Historic Interactions between the U.S. and Chinese Soil Scientists on Modern Soil Science Development in China.
Ming Chen, Everglades Research and Education Center, Univ of Florida, 3200 E. Palm Beach Road, Belle Glade, FL 33430-8003 and H. H. Cheng, Soil, Water, and Climate Dept, Univ of Minnesota, 439 Borlaug Hall, 1991 Upper Buford Circle, St. Paul, MN 55108.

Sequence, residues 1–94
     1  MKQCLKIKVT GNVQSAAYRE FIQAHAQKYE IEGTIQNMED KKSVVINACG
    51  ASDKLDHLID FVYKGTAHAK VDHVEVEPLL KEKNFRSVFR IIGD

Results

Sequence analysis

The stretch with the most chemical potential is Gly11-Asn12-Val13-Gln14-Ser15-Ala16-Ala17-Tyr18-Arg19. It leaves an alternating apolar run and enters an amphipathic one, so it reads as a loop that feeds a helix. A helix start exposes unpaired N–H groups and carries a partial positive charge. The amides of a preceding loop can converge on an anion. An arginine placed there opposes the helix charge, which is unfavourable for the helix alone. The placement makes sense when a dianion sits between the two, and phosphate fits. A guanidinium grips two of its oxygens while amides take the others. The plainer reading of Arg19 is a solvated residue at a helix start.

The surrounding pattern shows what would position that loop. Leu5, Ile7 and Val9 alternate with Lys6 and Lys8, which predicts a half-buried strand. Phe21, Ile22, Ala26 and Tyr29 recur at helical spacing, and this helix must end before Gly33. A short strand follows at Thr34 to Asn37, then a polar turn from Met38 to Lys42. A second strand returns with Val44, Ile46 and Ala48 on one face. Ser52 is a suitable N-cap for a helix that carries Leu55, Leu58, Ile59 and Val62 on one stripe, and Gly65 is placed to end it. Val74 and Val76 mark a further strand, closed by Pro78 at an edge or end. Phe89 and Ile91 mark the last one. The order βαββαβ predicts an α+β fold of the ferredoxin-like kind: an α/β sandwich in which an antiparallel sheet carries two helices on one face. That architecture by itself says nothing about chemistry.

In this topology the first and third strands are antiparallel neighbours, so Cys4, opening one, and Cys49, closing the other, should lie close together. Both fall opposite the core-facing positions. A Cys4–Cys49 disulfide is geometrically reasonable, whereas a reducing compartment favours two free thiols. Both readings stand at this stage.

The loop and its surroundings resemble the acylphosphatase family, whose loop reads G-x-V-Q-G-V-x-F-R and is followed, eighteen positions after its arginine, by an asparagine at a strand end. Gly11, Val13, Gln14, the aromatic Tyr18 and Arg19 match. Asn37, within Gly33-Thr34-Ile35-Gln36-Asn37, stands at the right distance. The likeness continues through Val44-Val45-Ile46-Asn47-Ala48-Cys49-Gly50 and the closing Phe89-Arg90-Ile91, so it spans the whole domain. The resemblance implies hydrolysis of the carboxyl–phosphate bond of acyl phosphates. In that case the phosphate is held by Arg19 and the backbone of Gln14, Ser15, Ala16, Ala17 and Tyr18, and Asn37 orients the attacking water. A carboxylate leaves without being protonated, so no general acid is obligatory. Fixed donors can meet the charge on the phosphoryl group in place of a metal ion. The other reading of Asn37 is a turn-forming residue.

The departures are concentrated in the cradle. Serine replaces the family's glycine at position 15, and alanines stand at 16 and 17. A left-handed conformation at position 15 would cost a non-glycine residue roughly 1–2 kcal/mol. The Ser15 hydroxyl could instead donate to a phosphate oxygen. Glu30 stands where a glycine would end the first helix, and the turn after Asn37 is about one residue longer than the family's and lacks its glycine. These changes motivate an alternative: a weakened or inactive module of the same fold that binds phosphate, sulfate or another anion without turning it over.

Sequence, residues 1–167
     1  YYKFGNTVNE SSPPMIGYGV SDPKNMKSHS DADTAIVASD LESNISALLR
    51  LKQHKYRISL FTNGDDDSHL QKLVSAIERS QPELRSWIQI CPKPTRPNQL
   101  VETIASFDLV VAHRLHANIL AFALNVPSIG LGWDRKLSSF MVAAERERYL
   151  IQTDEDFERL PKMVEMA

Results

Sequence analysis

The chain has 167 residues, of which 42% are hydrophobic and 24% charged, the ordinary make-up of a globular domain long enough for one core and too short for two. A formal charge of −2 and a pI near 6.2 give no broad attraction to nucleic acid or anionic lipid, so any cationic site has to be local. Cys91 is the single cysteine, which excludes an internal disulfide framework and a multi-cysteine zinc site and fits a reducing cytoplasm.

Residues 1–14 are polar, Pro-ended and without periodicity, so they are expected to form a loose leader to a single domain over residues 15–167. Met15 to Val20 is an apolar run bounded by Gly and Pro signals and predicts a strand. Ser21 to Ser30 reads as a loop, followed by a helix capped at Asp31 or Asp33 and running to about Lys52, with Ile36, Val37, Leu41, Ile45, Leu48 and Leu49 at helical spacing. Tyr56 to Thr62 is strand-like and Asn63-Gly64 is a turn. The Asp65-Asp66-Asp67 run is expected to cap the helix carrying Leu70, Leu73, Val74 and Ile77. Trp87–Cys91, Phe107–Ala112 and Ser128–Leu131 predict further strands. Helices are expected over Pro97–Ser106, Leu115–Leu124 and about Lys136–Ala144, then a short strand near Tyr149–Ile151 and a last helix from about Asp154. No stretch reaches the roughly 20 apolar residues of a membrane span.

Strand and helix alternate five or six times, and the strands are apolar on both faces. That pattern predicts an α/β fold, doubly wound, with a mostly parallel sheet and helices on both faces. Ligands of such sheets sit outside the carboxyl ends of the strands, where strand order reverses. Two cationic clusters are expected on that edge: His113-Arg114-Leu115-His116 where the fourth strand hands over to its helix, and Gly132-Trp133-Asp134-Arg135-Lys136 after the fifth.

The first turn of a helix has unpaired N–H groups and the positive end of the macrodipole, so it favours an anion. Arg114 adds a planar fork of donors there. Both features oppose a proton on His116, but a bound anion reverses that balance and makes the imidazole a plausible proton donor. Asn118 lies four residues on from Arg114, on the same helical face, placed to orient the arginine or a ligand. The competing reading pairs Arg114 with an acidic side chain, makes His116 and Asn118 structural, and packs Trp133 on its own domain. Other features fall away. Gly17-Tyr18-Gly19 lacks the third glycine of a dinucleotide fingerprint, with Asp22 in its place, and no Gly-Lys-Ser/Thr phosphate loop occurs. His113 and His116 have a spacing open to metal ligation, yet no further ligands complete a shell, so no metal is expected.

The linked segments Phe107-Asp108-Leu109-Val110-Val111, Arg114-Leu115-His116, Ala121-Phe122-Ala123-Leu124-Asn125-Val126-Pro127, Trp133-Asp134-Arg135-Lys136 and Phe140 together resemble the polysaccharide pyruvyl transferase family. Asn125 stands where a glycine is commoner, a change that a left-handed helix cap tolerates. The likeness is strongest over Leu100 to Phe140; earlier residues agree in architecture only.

Although China has had thousands of years of experience in crop production and has accumulated a wealth of indigenous knowledge on soil management and fertilization practices for restoring and maintaining soil productivity, the development of modern soil science in China has always been international in nature. From the early twentieth century, students from China have studied soil science abroad and many soil scientists from all over the world have worked on projects in China. Perhaps some of the most noteworthy interactions have involved the U. S. and Chinese scientists. This presentation will review several such interactions and the life history and professional activities of a number of prominent soil scientists involved in these interactions and their subsequent influence on the development of soil science in China today. Mr. T. Y. Tang was likely the first Chinese soil scientist trained in the U. S., when he studied with Professor Emil Truog of the Soil Science Department at the University of Wisconsin, Madison from 1910 to 1914. Mr. N. F. Zhang also studied with Prof. Truog years later in 1931 and then returned to Nanjing to initiate the first nation-wide fertilization program in China. Perhaps the most notable collaboration between the U.S. and Chinese scientists was the national soil survey program conducted in China in the 1930s. In 1930, Dr. Charles F. Shaw, a soils professor from the University of California - Berkley, published his remarkable book entitled “The Soils of China” during his sabbatical leave at the Nanjing University in China. During 1931-1932, the national soil survey team was organized under the Geological Survey Institute of the National Commission for Natural Resources Survey in Beijing by Dr. W. H. Wong. Dr. R. L. Pendleton, a graduate of the University of California and then professor at the University of Philippines, was invited to China to supervise the national soil program. In 1933, Dr. James Thorp of the USDA Bureau of Chemistry and Soils was sent by Curtis F. Marbut to China to replace Pendleton in supervising the national soil survey program. Although Marbut died in China during his instructional visit in 1935, his soil classification approach laid the foundation for soil classification in China by Chinese soil scientists for the next two decades. The collaborative effort of Dr. Thorp and his eight assistants, including K. C. Hou, T. Y. Cschau, L. C. Li, Y. Hseung, E. F. Chen, L. T. Chu, C. K. Li, and Y. T. Ma resulted in the massive publication by Thorp entitled: “The Geography of the Soils of China” (1936). These Chinese soil scientists as well as a number of others who were educated at U.S. universities in the 1930s and 1940s were prominent in providing leadership in establishing soil science research institutions and shaping the modern development of soil science in China. Interactions with the U.S. were interrupted from 1950 to the end of the 1970's, but interactions between soil scientists on mainland China and the former Soviet Union increased. The rapid growth in soil science research and education from 1979 onward, however, has been influenced by the increasing interactions of Chinese scientists not only with scientists in the U.S., but also with those in Russia and other European countries. Today, the tradition of international collaboration in soil science between Chinese soil scientists and those from all over the world continues to flourish.